Setting up HTTPS with Let's Encrypt and Apache 2.4 on a systemd-based Linux system including certificate autorenewal

This is a quick guide for setting up Apache 2.4 on a Linux distribution running systemd (such as Debian Jessie and newer) to use Let's Encrypt with automatic renewal of certificates in order to provide HTTPS web hosting. After performing these steps, you should be running a HTTPS Apache web server virtual host and using Let's Encrypt with EFF's Certbot in web root mode for certificate issuance and automatic renewal.

As with anything relating to security, especially anything that needs to be executed as root, do not follow these steps blindly. If any of this makes you ask yourself what it does, review the relevant documentation before proceeding.

Install Certbot

This part is very distribution-specific. The below describes how to install Certbot on Debian Jessie; other distributions are almost certainly going to be different, and other versions are very likely to be different at least in details.

For Debian Jessie, Certbot is available in the jessie-backports repository. Edit /etc/apt/sources.list, or create a new file in /etc/apt/sources.list.d, to pull in at least the "main" section of the jessie-backports repository:

deb jessie-backports main
deb-src jessie-backports main

Update the package lists:

apt-get update

Then install Certbot for Apache:

apt-get install python-certbot-apache --target-release jessie-backports --show-upgraded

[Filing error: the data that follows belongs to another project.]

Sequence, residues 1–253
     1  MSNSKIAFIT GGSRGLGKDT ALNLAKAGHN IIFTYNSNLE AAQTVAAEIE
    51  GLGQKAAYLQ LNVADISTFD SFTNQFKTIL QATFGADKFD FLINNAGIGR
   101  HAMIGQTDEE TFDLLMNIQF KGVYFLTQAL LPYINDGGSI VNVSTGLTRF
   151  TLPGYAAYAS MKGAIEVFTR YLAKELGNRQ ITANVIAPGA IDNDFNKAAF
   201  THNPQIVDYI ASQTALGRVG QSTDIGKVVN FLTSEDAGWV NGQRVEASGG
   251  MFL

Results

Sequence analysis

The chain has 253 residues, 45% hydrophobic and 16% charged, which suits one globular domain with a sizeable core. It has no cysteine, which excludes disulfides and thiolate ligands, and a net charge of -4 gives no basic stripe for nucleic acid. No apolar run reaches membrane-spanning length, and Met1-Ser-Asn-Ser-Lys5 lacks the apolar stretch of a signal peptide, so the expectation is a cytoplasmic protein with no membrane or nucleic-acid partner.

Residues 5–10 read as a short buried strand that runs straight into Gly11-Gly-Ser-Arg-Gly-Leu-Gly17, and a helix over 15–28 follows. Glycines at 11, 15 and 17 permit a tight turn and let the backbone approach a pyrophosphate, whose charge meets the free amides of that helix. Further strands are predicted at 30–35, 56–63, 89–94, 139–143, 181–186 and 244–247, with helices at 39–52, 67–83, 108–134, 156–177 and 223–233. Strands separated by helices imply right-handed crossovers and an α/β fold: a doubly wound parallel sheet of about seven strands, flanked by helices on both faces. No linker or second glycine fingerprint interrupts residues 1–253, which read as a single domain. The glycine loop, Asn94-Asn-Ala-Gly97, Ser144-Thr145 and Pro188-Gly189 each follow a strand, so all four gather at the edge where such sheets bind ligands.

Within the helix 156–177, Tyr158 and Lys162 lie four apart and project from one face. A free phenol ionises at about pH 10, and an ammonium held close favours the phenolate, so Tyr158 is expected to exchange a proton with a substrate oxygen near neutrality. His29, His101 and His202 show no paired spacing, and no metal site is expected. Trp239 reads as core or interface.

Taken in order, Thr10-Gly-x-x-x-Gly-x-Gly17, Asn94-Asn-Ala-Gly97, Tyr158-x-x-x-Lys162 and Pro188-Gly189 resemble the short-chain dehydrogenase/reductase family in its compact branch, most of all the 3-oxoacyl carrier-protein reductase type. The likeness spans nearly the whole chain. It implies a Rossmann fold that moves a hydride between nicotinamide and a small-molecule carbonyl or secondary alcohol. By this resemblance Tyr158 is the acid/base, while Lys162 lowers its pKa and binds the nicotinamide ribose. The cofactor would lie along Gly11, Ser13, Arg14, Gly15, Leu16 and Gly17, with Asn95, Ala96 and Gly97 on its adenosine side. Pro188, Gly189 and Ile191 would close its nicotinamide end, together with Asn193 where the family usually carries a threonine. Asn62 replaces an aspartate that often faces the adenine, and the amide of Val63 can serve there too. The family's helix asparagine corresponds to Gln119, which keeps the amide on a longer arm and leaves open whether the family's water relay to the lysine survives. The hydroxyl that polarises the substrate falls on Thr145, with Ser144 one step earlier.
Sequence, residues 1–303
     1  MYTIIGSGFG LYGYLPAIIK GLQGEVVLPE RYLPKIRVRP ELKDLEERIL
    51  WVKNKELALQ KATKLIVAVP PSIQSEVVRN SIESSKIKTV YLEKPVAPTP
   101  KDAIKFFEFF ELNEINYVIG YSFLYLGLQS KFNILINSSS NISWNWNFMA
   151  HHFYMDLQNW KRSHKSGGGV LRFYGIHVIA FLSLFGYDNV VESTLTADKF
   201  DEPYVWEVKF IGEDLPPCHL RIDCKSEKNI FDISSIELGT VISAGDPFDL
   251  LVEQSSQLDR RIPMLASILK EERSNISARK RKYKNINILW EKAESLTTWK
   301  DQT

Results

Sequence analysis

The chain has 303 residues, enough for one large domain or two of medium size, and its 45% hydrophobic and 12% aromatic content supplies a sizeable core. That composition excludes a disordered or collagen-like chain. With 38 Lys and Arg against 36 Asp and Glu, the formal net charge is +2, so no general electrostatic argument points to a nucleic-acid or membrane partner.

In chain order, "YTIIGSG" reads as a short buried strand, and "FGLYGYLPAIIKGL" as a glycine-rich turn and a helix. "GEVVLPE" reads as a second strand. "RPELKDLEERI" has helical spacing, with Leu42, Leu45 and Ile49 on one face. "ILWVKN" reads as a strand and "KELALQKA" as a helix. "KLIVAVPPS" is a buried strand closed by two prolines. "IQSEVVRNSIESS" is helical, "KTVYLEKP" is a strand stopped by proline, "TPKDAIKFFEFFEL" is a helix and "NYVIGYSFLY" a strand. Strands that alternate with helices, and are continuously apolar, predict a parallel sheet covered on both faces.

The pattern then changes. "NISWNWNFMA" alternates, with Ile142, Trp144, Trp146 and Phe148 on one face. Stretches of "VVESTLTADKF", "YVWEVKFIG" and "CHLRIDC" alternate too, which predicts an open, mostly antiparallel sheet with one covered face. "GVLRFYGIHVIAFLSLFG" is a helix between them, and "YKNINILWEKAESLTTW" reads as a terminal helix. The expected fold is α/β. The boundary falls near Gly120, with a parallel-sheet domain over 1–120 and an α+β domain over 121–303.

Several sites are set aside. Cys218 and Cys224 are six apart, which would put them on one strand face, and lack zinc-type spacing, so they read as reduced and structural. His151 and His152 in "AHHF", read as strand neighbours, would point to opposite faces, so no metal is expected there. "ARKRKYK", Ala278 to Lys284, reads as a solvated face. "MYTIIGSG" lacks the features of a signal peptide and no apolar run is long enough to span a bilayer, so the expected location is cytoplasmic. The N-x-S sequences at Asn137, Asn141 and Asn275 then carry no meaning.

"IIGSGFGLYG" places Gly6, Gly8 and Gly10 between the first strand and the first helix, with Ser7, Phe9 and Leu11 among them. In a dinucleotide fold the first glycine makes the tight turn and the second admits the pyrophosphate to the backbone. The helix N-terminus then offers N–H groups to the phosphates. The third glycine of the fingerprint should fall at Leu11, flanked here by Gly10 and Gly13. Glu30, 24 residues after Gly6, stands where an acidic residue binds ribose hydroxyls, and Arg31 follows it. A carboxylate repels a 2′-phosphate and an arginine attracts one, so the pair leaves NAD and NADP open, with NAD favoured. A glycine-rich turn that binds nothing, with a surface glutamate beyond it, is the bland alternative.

Configure a HTTP virtual host for the host name

Web root mode uses HTTP to confirm that the host is under the control of the entity requesting the certificate, both in case of new as well as renewing certificates. Add a virtual host such as the following:

<VirtualHost *:80>
DocumentRoot /srv/www/
RewriteEngine on
RewriteCond %{REQUEST_URI} !^/\.well-known/acme-challenge(/[ABCDEFGHIJKLMNOPQRSTUVWXYZabcdefghijklmnopqrstuvwxyz0123456789_-]*)?$
RewriteRule  ^/(.*)  https://%{HTTP_HOST}/$1  [last,redirect=301]

This web host will serve content for from /srv/www/ (make sure to create that directory, and make sure it is at least executable to the user that Apache runs as). It will rewrite all requests to go to the corresponding location on instead, except for any ACME HTTP validation requests as described by draft-ietf-acme-acme-04 and RFC 4648 which are served by this virtual host instead. Redirection is done using HTTP 301 Moved Permanently as defined by RFC 7231; for testing, you may want to use HTTP 307 Temporary Redirect instead.

For the redirection to work, you must load mod_rewrite into your Apache instance. If you really don't want to do that, omit the RewriteEngine, RewriteCond and RewriteRule configuration statements above. If you are using some other module for request rewriting, you are on your own for how to configure it to do the same thing.

Create the directory that the virtual host serves content out of. In our case:

mkdir --parents /srv/www/

Check to make sure that Apache is happy about the configuration, and that the virtual host is loaded properly:

apache2ctl configtest
apache2ctl -S | less

If either of these commands indicate that something is not working as intended, or that the newly created virtual host is not being loaded as expected, determine what needs to be done to fix that, and fix the problem before proceeding. Then load the configuration into the running Apache instance:

apache2ctl graceful

Obtain the initial certificate

To obtain an initial certificate for the host name in question, run Certbot once in web root mode:

certbot certonly --webroot -w /srv/www/ -d

This tells Certbot to obtain a certificate but not install it, in web root mode, and that on our system, the root directory of corresponds to /srv/www/

You can, at your option, add --register-unsafely-without-email or --email, and --rsa-key-size X. The default key size is currently 2048 bits, which should be sufficient for most use cases. Do not use a smaller key size unless you have a very good reason to. The current maximum size is 4096 bits.